brewers baseball and things

more horseshoes and inches

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A towering fly ball looking like an easy out arouses a memory in the batter’s brain. “Run it out. Get on your horse. Stop knowing so much.” It’s his first little league coach.

That ball may seem destined for a mitt, but run anyway. That unwritten rule was lodged in our young baseball minds. We were told to always exercise intent. The wind may change direction or hit a ring fastened to the Tropicana Dome. 

Logan Forsythe hit a fly ball into shallow right field Monday night. It was the bottom of the fifth; the Brewers leading the Rays 1-0. In comes Braun from his right field post. Out goes Mark Reynolds from first base. 

Braun slides and misses. The ball drops and bounces and rolls. Reynolds sprints; slides, retrieves the spheroid and throws a one hopper to Segura around second base. Reynolds does this all in one motion. Segura barehands the ball, turns and throws a strike to Aramis Ramirez at third base who applies the tag for the first out of the inning.

It was a gorgeous principle of baseball faith; the perfectly executed relay throw; a mirror to the hustle of Forsyth racing around the bases and both deeds living along side the sweat and toil of a 10 pitch at bat in the romantic ballad “how baseball gives me goose bumps.”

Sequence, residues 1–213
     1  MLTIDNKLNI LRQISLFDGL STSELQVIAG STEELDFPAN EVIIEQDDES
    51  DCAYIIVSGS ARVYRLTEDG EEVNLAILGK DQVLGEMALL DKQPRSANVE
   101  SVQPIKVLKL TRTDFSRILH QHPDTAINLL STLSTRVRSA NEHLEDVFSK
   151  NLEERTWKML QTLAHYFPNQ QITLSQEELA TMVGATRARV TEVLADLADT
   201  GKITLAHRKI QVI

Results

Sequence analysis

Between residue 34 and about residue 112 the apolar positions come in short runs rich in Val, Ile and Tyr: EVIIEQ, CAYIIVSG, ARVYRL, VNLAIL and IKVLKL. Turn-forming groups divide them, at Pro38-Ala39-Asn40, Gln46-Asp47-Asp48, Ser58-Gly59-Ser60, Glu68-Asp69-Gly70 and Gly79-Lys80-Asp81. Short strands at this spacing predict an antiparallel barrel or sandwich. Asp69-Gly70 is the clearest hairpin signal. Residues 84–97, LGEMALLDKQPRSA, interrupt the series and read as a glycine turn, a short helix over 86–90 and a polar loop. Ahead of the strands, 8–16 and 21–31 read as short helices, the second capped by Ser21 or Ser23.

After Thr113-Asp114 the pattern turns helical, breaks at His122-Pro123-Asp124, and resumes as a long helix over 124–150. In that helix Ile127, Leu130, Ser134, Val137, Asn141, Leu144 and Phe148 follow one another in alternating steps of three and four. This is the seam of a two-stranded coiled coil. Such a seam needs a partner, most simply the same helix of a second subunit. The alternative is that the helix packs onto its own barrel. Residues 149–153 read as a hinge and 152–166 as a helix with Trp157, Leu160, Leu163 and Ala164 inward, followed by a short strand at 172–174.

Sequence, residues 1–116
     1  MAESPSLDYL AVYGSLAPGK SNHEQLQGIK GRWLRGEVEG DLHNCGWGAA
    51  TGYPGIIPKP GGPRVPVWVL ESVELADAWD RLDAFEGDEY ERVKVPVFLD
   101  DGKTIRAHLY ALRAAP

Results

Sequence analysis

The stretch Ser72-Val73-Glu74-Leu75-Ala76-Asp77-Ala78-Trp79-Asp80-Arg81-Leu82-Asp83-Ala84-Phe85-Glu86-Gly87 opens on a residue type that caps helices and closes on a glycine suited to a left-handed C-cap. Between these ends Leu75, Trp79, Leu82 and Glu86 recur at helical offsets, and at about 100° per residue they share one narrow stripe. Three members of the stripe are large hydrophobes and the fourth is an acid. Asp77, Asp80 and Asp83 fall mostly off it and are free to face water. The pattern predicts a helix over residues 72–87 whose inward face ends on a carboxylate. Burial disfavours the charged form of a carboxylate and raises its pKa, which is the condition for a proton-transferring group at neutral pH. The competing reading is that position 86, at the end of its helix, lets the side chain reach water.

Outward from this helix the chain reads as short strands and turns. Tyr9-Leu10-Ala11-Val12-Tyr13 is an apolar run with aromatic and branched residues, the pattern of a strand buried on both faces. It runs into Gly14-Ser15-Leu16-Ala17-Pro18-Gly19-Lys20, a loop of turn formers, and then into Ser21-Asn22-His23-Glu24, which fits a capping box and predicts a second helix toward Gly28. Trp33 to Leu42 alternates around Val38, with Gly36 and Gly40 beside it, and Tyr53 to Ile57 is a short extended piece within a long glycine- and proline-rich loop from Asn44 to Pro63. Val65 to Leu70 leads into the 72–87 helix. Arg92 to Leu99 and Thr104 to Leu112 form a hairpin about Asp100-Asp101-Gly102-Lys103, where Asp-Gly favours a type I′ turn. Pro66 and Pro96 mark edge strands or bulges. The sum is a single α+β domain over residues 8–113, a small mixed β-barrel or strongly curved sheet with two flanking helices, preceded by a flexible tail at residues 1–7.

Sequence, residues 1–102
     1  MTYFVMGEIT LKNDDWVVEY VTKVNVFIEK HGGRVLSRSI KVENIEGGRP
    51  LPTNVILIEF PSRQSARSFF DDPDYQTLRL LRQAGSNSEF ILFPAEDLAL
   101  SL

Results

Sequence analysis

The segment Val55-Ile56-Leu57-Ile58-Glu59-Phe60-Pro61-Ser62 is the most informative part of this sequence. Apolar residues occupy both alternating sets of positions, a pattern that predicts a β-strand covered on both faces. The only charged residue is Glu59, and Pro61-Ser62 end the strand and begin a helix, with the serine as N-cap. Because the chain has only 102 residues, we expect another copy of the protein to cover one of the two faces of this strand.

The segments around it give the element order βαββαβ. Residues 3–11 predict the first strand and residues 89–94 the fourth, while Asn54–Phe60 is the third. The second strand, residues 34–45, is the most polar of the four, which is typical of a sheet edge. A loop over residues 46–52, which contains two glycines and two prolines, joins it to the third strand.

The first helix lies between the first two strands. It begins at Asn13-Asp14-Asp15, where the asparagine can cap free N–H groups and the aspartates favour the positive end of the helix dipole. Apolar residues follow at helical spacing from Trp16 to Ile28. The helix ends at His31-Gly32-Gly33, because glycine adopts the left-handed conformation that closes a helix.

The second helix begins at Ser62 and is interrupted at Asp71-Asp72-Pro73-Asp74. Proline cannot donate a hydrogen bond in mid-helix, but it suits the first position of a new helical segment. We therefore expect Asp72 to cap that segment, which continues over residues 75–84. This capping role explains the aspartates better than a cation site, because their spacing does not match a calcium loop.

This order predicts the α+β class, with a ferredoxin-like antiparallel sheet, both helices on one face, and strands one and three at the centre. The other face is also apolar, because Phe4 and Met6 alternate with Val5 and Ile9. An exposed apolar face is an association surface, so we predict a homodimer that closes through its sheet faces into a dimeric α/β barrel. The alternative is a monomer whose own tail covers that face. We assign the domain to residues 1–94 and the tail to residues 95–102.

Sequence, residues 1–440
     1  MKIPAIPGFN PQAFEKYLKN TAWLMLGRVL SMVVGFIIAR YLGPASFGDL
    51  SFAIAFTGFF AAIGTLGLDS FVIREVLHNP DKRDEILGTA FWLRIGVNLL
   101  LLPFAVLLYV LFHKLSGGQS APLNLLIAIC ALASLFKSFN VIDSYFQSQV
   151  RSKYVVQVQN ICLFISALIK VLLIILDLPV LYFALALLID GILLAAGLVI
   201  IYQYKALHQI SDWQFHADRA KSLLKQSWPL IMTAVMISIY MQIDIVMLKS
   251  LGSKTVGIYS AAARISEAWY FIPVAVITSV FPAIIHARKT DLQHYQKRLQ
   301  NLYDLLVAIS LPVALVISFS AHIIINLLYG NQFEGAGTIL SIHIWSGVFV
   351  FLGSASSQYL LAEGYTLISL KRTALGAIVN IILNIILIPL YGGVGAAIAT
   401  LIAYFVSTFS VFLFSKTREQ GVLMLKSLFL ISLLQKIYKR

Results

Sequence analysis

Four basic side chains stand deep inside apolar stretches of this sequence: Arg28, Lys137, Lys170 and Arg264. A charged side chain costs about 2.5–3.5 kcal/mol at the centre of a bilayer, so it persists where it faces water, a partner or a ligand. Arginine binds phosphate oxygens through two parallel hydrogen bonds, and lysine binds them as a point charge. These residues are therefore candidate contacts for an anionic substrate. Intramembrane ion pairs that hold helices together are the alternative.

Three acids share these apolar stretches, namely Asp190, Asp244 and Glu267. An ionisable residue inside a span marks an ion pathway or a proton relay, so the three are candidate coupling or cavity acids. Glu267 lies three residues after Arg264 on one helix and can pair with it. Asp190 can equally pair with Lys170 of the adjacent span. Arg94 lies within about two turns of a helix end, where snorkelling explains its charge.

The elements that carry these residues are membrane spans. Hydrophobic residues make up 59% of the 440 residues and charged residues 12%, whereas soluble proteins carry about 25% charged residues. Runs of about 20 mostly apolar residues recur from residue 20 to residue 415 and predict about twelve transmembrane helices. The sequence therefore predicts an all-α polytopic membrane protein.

Forsythe lived up to his name; to predict the future, to run like his pants were on fire, make something out of nothing; turn an easy out or texas leaguer single into a triple. Brewers TV color man Bill Shroeder reminded kids watching at home to never make the first out of an inning at third base.

But hard to knock Forsythe’s intent and effort because only a pinball perfection relay would gun him down and even that would probably fall short, but Segura barehanded the throw from Reynolds and eliminated the precious seconds lost during a transfer from glove hand to throwing hand….And Forsythe was OUT!.

Unfortunately, the Brewers only scored one run on Reynolds’ team leading 18th home run. Meanwhile, The Rays hit a number of deep fly balls off Brewers starter Kyle Lohse, but it was a bloop single by James Loney that produced their only two runs and it didn’t have to happen.

Two outs and two strikes on Evan Longoria; bottom of the 6th.. Lohse hits the corner with an inside fastball. Longoria kicks some dirt; surrendering to called out on strikes defeat. The home plate umpire lifts his arm; ready to punch out Longoria, but then nothing….no call., a walk, bases loaded, setting the stage for Loney’s go ahead blooper. Final Socre; Rays 2, Brewers 1.

Somewhere inside Brewer manager Ron Roenicke’s serious mind he sits in his underwear chewing beef jerky; talking loose and free. “I guess we better score more than one run from now on so these umpire decisions don’t slip into our sleep.”

The Brewers are 59-48 and have scored one run over the last 18 innings.


Author: Steve Myers

I grew up in Milwaukee and have been a Milwaukee Brewers baseball fan for as long as I can remember.

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